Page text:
“Duck your head!” I screamed to my brother, then grabbed the bridge’s clammy undergirding and pulled as hard as I could, sending our canoe roaring out of the darkness and into the next pond.  If you’ve never heard spiders scream in anger and frustration . . . well . . . it’s is a sound you’ll not forget.  Trust me.

We now entered the first of two connected but distinct ponds, both choked with lily pads.  It was a bit spooky as we paddled forward, the lily pads seeming to grasp at our canoe and the frequent but unidentified sound of numerous large ‘somethings’ belly flopping into the water up ahead, bellyflopping always just before we could focus our attention and our eyes to determine what it might be.  Soon there was roiling water at the water line of our canoe.  Muck from the shallow bottom mixed with tepid water, causing the invasive Eurasian Trefoil to fan out and quiver enticingly.  Had I been in the Everglades I would have suspected angry alligators or playful manatees, but we were at the headwaters of the Michigan’s Grand River.

River nymphs?  Dragons?  Only an impression of flame – sensed rather than seen out of the corner of one eye – confirmed the latter.  These local dragons are reputed to be more playful than dangerous, and I was able to relax at last and enjoy their company.  Neither my brother nor I had played with dragons in many years.

The river gods, we’re quite sure, used this shortened first day to teach us lessons certain to come in handy on some day and at some place further along in our journey.  Tom dropped his cell phone in the millpond but retrieved it – in perfect working order, it was in a sealed plastic bag – after 30 minutes.  We left our paddles and a life jacket on the ground while we drove off to scout future legs of this journey but returned to find all items just as we had left them.  Tom cut his toe in retrieving the phone.  Lessons learned.  In the future all valuables will be securely zipped into pockets.  In the future we will remember to check for items which, if lost, would leave us stranded, perhaps in a location where it would not be easy to recover from our negligence.  We will bring a first aid kit, and Tom will not wear open-toed sandals.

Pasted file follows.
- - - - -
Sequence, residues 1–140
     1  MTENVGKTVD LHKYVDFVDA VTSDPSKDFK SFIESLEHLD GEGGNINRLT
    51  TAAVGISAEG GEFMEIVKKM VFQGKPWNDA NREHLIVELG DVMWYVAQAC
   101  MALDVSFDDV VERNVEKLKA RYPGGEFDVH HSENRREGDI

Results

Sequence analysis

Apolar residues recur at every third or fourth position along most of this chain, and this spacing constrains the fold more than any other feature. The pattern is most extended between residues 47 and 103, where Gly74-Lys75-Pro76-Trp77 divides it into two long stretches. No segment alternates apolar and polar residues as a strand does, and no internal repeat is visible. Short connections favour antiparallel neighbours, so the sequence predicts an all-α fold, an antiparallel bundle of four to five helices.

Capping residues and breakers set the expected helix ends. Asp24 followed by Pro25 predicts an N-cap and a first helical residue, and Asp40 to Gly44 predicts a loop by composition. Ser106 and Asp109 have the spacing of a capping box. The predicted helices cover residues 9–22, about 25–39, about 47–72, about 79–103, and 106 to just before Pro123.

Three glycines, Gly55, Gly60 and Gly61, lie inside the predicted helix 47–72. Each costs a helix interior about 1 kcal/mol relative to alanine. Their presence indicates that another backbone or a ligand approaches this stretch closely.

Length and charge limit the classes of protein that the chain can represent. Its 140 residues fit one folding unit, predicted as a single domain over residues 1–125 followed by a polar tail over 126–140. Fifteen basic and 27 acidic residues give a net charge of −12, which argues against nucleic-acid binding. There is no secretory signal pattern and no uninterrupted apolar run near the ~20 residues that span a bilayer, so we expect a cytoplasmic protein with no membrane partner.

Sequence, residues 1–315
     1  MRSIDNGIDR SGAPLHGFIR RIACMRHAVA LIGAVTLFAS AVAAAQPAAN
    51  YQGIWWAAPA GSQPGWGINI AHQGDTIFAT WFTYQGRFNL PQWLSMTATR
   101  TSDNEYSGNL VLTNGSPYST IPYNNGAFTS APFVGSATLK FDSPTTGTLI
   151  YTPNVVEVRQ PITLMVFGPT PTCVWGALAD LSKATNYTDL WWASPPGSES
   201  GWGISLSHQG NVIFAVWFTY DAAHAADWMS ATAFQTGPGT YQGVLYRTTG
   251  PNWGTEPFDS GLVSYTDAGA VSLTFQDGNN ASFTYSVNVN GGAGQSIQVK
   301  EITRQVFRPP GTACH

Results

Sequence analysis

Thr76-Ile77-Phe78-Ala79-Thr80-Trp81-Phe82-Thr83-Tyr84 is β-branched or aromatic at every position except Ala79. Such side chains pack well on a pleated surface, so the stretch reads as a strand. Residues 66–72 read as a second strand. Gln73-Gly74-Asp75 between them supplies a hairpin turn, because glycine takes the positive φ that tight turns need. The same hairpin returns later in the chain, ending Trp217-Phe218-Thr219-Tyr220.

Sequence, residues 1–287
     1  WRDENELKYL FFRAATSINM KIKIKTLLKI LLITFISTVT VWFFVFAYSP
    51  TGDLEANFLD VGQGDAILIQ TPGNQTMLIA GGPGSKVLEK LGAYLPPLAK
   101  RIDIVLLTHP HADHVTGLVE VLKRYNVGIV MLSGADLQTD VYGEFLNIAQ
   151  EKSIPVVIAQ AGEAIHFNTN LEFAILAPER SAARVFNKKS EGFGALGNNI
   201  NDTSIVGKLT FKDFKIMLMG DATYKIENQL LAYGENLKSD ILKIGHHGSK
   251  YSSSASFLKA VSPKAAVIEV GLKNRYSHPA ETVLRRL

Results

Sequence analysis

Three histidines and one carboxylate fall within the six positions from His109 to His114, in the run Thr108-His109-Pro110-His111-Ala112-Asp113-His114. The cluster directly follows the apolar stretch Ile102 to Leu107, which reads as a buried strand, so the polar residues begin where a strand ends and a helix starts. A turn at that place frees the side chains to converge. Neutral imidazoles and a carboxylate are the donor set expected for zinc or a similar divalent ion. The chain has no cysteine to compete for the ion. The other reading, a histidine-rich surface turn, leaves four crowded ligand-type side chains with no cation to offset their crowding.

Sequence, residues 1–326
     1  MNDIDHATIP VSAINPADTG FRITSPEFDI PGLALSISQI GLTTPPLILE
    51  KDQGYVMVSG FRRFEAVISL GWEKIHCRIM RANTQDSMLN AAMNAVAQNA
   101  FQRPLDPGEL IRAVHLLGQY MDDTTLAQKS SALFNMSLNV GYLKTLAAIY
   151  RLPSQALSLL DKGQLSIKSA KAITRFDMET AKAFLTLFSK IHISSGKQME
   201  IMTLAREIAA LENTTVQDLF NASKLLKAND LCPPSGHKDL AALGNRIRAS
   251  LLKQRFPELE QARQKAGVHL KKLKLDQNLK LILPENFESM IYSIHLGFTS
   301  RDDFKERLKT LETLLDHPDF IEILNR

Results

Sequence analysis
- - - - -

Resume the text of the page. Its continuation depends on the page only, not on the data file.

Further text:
No harm done, lessons learned, onward.

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August 19, 2016: Approaching Jackson

Tom writes . . . 

We made it from Vandercook Lake all the way to the city limit of the city of Jackson, Michigan. The river flows generally northward in this section, but still is very twisty. The river is wider here, at least fifty feet (16 meters) wide, most of the way, with some wider pools and only a few narrow spots. It is deeper, easier to float on, with fewer obstructions than in upstream sections.

This is the south central part of Michigan. It is not a famous place. Northern Michigan, “Up North,” is well known for its natural beauty; our Great Lakes shorelines are big-time tourist destinations; Detroit is famous and infamous for many reasons. But, nobody ever talks much about this south central part of the state.

Joe and I have found it to be a lovely area. The river is clear and clean. We paddled through three sparkling fresh lakes. We saw deer. We were NOT pestered by mosquitoes. Along our route, utterly wild sections alternated with areas of very nice homes. And, the sunny August weather was glorious.

Michigan is in the northern tier of US states. In the winter, we get lots of snow. If you have not been here, you may believe Michigan is a cold place. But, no! The climate here between June and October is perfect, especially perfect if you can get out on the water. And, we have lots of water here. And, that is exactly what Joe and I have been doing: spending days on the water under the perfect sun, in the perfect summer breezes, with our shirts off.

Our next leg will be the first urban section of our trip, right through downtown Jackson. So far, this Jackson area seems great. I hope we will find a riverside tavern or a bistro right in downtown Jackson, and a place to pull out the boat so that we can stop and buy lunch and celebrate.

Editor’s (i.e.; Joe’s) Note: Tom takes his shirt off; I do not. He weighs about 185, I weigh closer to 210.  Enough said.  We would love to hear from any who may stumble across this blog: Tom Neely can be reached at timbuktom1@gmail.com; Joe Neely can be reached at joeneely55@gmail.com. If you have a kayak or canoe we would love to have your join us for a day. We have been basing our trips on the routes laid out by the Grand River Environmental Action Team, which can be see here: http://great-mi.org/trail_maps2.htm. Our plan is to complete all these Jackson-area trips before the onset of cold weather.

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August 19, largely photos

Vandercook Lake to Ella Sharp Park

Joe writes . . .